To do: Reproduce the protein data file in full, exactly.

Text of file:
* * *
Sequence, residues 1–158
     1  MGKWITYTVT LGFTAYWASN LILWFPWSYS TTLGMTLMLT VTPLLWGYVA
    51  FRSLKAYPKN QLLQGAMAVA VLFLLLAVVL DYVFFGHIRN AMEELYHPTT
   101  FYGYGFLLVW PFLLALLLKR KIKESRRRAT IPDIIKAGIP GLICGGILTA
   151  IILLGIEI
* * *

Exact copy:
Sequence, residues 1–158
     1  MGKWITYTVT LGFTAYWASN LILWFPWSYS TTLGMTLMLT VTPLLWGYVA
    51  FRSLKAYPKN QLLQGAMAVA VLFLLLAVVL DYVFFGHIRN AMEELYHPTT
   101  FYGYGFLLVW PFLLALLLKR KIKESRRRAT IPDIIKAGIP GLICGGILTA
   151  IILLGIEI